Wednesday, October 02, 2019

Roll With It

Sumner, Jamie. Roll With It
October 1st 2019 by Atheneum Books for Young Readers
E ARC from Edelweiss Plus

Ellie and her mother live in Nashville; her father left when she was young and has another family. Ellie loves baking, and gets along okay at school. She has an aide who helps her navigate with her wheelchair (due to her cerebral palsy), but Lauren is also another level of supervision that makes it really hard to get away with any misbehavior. After a recent incident at school, Ellie is expecting to get in trouble with her mom, but a lot of other things are going on. On the bright side, Ellie's neurologist agrees she can be taken off seizure medication, but on the not-so-bright side, her grandfather's behavior has become very erratic. Ellie and her mother go to visit them for Christmas, not telling her Memaw that they plan on staying. Ellie will enroll in the local school in Oklahoma, and her mother is taking a leave of absence from her teaching job and will substitute. Memaw's not too happy, but realizes that she needs help. The trailer in which they live is small, and it's a bit hard for Ellie to go about her daily tasks, so she needs more help from her mother. She manages to get away with not having an aide at school, and makes friends with two neighbors, Coralee and Bert. Both are a bit quirky, but Ellie enjoys their company, and feels odd that for once, it's not her wheelchair that sets her apart, it's the fact that she lives in a trailer park! As she spends more time with her grandparents and new friends, Ellie begins to realize that she prefers to be in Oklahoma rather than in Nashville, where she felt lonely. Will her mother decide that they need to return "home" once the grandparents have a plan for going forward?
Strengths: I really believe that most middle school students are more curious about differences than mean about them, and Coralee and Bert both evidence this in their treatment of Ellie. Ellie herself is very matter of fact about what she can and can't do, and there is enough description about the help she needs to enlighten readers who have never encountered someone in a wheelchair. While the move necessitates some discussion of her wheelchair use, this is a book about the family dynamics and the grandfather's Alzheimer's as well as settling in to a new community. It was fast-paced, fun to read, and included a lot of good baking descriptions. The cover is appealing, and I can see this being a popular book with my students.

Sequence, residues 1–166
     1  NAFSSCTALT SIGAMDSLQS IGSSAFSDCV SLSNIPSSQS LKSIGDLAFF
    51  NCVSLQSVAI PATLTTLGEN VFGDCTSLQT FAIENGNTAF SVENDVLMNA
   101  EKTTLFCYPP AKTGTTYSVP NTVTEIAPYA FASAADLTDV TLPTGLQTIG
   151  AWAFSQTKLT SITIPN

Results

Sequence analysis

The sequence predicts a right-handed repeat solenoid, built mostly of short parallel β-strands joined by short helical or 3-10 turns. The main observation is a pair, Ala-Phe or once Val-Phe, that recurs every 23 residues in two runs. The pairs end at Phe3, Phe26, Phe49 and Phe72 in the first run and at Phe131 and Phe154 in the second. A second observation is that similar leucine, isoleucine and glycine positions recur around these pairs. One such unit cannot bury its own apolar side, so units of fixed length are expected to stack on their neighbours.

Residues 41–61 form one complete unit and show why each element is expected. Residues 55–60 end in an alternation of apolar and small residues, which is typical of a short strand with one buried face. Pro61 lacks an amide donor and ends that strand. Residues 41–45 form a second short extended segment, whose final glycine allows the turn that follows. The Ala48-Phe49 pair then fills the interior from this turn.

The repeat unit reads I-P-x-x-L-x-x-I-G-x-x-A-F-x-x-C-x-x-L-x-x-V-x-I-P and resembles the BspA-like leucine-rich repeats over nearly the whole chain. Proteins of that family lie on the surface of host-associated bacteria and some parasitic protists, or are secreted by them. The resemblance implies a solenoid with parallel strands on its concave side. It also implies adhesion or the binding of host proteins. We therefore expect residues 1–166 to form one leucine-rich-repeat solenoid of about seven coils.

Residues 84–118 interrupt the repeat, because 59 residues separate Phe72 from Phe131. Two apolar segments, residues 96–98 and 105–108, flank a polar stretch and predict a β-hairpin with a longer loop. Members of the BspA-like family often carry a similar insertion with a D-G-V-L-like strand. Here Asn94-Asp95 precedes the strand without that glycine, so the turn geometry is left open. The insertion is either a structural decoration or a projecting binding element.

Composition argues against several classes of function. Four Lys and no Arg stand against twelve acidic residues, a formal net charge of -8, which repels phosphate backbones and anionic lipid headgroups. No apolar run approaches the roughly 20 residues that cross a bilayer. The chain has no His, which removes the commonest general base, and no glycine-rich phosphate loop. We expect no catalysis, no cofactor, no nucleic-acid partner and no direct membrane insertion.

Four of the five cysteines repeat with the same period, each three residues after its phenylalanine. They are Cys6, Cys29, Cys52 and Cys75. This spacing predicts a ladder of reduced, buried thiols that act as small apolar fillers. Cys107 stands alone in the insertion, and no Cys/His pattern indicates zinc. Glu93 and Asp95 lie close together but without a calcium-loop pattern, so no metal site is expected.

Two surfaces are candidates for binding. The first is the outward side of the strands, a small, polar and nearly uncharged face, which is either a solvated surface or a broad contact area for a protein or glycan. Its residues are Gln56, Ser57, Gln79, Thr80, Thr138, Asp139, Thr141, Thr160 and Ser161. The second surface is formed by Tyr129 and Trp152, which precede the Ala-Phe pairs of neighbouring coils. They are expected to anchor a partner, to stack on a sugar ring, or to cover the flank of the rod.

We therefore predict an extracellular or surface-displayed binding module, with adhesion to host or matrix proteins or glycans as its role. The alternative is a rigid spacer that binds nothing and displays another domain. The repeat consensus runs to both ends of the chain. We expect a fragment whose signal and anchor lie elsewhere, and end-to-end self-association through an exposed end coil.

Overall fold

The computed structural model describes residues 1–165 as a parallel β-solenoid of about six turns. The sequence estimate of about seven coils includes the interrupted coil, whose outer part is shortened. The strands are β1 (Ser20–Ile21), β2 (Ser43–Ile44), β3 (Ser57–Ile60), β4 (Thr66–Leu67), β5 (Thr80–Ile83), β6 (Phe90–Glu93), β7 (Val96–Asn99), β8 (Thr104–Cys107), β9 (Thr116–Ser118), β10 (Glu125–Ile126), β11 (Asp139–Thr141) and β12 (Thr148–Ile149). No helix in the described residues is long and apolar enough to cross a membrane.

Weaknesses: I was weirdly bothered by the fact that Ellie's real name was Lily, and Ellie was her childish mispronunciation. We will blame this on the fact my daughter is Eleanor, but I wanted to name her Lily. Also, I wish the grandfather's dementia had been treated a bit more seriously. Yes, it's good that the grandparents moved into a senior facility, but that is not going to stop the grandfather's decline. We will blame this on the fact that I have seen my mother decline very rapidly this summer.
What I really thought: This hit the sweet spot on a lot of levels-- Ellie is pragmatic but not noble, her mother is concerned but proactive, and the grandparents are aware of their situation and actively looking for a solution. There are a lot of problem novels for middle grade readers, and I've given up complaining about them; I am just glad when we see problem novels that model a positive way forward. Ellie is a great example of how to "roll with it" in a positive manner.

In my 21 years of teaching, I've seen one child with a wheelchair, one Deaf student, and two students with varying degree of blindness. The vast majority of their classmates really want to be helpful. I'm sure they aren't always sensitive about how they approach being helpful, but I do think they want to understand and mean well. And no, I don't think "well-meaning" should be considered perjorative!

Ms. Yingling

No comments:

Post a Comment